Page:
Portland Leadership Institute - Nourish the Leader Within You
Leadership for the 21st Century

Ronald Reagan and Roger Goodell

Ronald Reagan had a strategy.  He merely awaited an opportunity.

When Reagan was elected President in 1980, he had been upset with the state of unionism in the US for years.  Although a former leader of the Screen Actors Guild, he would never have been classified as a union sympathizer.

In the summer of 1981 the Professional Air Traffic Controllers Organization (PATCO) engaged in an illegal strike.  To the shock of most, Reagan invoked the law and fired the strikers.

President Reagan's strategy was to change the climate of labor management relations in this country.  His goal was to send a message to large and small organizations that the power of unions was no longer to be unfettered, was no longer to be unilateral.  He succeeded.  The labor climate changed forever; the change was as significant as that created by the passage of the National Labor Relations Act during the Great Depression.

No one is sure what NFL Commissioner Roger Goodell's strategy is with the NFL officials.  Some say he wants to break the union; others describe less clear objectives, such as eliminating pensions, saving money, telling part timers that they are not more important than the league, etc.  The point is that nothing is clear.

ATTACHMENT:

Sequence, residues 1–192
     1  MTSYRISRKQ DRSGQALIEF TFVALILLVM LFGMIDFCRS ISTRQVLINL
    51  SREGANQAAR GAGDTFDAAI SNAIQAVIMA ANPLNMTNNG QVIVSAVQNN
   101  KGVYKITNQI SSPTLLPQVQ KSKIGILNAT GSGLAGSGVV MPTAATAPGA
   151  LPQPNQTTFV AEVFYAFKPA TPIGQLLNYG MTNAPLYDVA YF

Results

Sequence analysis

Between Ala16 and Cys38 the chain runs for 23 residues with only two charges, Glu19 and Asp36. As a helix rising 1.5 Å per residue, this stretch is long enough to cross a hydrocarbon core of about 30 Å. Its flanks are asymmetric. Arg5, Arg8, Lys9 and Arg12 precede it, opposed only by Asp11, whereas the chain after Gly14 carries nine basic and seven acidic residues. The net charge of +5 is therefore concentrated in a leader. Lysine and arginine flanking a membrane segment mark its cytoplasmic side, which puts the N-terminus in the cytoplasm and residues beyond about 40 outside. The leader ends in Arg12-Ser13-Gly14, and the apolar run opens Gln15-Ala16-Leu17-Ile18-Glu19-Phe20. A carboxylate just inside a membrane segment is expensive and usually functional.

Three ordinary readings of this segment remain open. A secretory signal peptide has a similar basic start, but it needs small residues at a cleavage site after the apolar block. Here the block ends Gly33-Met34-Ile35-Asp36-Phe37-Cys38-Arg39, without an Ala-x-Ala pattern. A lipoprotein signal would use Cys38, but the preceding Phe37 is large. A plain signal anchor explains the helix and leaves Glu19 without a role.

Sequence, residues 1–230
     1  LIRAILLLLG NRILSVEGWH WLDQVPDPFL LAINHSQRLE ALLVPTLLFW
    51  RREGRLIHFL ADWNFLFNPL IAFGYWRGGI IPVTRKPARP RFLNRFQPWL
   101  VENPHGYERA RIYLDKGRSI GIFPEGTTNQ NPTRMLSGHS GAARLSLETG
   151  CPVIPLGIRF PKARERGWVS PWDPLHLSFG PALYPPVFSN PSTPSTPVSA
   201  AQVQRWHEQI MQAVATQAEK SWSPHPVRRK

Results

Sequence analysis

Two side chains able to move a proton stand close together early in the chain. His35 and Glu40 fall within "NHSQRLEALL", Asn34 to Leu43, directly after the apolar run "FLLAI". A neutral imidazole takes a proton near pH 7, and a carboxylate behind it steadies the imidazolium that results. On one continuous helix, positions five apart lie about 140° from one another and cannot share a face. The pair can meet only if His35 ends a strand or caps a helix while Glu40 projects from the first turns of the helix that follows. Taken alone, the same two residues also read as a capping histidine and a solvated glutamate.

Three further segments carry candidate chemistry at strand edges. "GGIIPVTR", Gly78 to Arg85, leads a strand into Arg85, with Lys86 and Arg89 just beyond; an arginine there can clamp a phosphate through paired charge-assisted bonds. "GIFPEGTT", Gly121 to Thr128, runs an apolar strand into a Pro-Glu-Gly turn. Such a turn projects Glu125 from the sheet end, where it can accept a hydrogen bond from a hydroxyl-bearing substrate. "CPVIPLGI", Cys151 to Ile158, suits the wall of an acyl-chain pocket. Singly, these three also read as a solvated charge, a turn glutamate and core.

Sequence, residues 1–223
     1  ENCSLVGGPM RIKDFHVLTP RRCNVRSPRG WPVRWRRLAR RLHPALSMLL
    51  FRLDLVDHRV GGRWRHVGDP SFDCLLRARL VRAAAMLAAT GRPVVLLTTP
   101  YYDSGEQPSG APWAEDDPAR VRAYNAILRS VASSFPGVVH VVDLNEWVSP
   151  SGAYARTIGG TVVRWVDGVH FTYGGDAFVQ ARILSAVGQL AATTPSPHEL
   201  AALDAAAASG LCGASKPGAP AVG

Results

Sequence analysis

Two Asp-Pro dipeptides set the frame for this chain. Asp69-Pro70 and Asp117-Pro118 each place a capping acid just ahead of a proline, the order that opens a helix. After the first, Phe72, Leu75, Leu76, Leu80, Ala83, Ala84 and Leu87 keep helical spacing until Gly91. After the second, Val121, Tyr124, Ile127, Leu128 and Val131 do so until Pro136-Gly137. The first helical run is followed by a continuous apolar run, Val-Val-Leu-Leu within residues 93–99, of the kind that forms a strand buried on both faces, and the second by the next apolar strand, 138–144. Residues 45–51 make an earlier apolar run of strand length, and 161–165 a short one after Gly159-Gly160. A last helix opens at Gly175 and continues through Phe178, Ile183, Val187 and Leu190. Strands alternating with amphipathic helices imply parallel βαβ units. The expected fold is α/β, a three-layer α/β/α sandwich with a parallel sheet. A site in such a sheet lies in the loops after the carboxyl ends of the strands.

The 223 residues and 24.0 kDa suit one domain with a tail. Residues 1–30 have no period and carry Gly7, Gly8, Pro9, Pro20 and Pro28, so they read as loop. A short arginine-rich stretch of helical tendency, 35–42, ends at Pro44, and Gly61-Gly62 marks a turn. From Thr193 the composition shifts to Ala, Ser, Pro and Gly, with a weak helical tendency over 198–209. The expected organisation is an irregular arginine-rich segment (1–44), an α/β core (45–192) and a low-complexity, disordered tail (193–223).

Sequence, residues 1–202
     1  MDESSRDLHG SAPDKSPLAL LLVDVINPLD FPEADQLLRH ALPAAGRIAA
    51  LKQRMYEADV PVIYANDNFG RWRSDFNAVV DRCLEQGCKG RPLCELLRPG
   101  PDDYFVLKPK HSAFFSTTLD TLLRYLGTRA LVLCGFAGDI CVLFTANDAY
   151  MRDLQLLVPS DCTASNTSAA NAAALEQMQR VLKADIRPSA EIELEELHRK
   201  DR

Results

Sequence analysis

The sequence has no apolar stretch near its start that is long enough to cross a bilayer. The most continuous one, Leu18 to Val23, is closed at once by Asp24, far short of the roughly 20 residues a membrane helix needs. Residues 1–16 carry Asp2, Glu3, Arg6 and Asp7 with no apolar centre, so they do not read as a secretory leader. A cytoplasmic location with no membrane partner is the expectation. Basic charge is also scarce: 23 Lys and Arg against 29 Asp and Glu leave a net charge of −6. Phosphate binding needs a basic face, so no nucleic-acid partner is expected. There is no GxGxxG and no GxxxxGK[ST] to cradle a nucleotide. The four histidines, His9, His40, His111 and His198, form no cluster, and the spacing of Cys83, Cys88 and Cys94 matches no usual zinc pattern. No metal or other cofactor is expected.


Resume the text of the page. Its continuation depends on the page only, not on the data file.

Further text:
It is said that after the PATCO strikers were fired it was not safe to fly for years.  Professionals who understood the situation took long distance trains rather than flying.  One tragic midair collision would have negated Reagan's strategy; he may have been forced to rehire the strikers to again make the air corridors safe.  That collision would have forever changed the course of American labor relations.  That collision never occurred.

Roger Goodell had his midair collision.  When the Seattle-Green Bay game's result was impacted by a decision of replacement officials, the tipping point of public opinion and NFL players/coaches was reached.  As we write this, we do not know the result.

We do know that there is no clear strategic direction.  Effective labor management relations requires a clear strategy, a clear understanding of who has the power, who has the support.  We await a coherent strategy.



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